Parklands Hotel & Country Club: Parklands Hotel contains a modern gym fully equipped with cardiovascular equipment, a swimming pool, sauna, and an aroma steam room. Guests can also relax in the hotel’s La Belle Forme Spa. Guests can start their day with breakfast served in Michaels Bistro. During the day Michaels' provides a relaxing environment for a family dinner, a light snack, or evening drinks. The restaurant can also accommodate special occasions and functions, and the hotel’s bar offers a range of drinks, including a cocktail menu, and is open until late.

Auchrannie Resort: With a luxury spa and elegant rooms, Auchrannie Resort features 3 award-winning restaurants. Situated in Brodick, on the beautiful Isle of Arran, the hotel also has a beauty salon and gym.

6. Lothian

Photo: Treatwell
Photo: Treatwell

Lothian is a region of the Scottish Lowlands, lying between the southern shore of the Firth of Forth and the Lammermuir Hills and the Moorfoot Hills. The principal settlement is the Scottish capital, Edinburgh, while other significant towns include Livingston, Linlithgow, Bathgate, Queensferry, Dalkeith, Bonnyrigg, Penicuik, Musselburgh, Prestonpans, North Berwick, Dunbar, and Haddington. Historically, the term Lothian referred to a province encompassing most of what is now southeastern Scotland. In the 7th century, it came under the control of the Anglian kingdom of Bernicia, the northern part of the later kingdom of Northumbria, but the Angles' grip on Lothian was quickly weakened following the Battle of Nechtansmere in which they were defeated by the Picts. Lothian was annexed to the Kingdom of Scotland around the 10th century.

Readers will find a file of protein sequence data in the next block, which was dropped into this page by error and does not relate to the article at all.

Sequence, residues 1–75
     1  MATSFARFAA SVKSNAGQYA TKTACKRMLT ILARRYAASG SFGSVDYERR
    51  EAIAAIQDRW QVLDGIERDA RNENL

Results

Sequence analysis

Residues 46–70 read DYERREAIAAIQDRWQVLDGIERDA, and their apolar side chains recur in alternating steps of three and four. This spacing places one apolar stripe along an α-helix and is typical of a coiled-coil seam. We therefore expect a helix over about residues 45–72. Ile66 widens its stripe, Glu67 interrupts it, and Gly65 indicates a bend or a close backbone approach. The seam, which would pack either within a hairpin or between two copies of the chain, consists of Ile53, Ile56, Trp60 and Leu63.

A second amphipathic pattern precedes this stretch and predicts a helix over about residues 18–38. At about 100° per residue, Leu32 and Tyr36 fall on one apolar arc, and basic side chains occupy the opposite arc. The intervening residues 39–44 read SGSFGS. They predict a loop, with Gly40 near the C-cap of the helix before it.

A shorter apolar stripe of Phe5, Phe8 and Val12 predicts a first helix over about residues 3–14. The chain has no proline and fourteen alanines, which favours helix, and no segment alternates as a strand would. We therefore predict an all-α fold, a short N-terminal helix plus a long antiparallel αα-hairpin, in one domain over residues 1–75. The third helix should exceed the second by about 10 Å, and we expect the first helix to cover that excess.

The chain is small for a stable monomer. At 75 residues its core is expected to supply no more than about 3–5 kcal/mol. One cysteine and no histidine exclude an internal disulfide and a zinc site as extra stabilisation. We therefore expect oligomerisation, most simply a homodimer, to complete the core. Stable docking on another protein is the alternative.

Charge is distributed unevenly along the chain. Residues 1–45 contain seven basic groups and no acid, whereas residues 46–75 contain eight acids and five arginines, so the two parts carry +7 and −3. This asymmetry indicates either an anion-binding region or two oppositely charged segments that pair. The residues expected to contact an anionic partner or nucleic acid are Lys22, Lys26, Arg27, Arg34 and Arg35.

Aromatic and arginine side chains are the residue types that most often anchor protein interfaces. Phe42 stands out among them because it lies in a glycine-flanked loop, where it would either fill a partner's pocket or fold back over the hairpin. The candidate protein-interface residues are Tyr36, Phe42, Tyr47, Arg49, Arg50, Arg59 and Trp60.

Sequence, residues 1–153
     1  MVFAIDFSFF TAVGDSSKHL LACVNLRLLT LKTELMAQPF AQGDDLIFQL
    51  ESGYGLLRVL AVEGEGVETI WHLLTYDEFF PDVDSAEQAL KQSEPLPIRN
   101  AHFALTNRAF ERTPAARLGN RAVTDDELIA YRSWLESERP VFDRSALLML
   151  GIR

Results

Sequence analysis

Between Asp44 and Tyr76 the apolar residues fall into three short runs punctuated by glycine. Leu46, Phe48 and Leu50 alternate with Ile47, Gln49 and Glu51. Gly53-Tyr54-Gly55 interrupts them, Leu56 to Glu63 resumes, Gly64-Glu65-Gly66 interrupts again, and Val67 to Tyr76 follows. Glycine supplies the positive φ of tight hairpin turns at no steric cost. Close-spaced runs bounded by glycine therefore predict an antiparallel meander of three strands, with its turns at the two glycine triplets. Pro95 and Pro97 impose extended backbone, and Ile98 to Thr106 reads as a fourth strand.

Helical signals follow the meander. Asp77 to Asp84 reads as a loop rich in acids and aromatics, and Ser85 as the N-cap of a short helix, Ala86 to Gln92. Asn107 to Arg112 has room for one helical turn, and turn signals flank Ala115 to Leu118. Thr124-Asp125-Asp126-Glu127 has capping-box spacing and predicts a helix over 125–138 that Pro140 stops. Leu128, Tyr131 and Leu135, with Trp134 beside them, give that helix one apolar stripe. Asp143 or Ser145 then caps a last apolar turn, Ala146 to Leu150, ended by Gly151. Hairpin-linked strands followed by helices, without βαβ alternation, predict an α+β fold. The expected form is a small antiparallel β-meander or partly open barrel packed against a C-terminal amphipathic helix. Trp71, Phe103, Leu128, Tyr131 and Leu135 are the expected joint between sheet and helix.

Historically, the term Lothian referred to a province encompassing most of what is now southeastern Scotland. In the 7th century, it came under the control of the Anglian kingdom of Bernicia, the northern part of the later kingdom of Northumbria, but the Angles' grip on Lothian was quickly weakened following the Battle of Nechtansmere in which they were defeated by the Picts. Lothian was annexed to the Kingdom of Scotland around the 10th century.

Subsequent Scottish history saw the region subdivided into three counties—Midlothian, East Lothian, and West Lothian—leading to the popular designation of "the Lothians".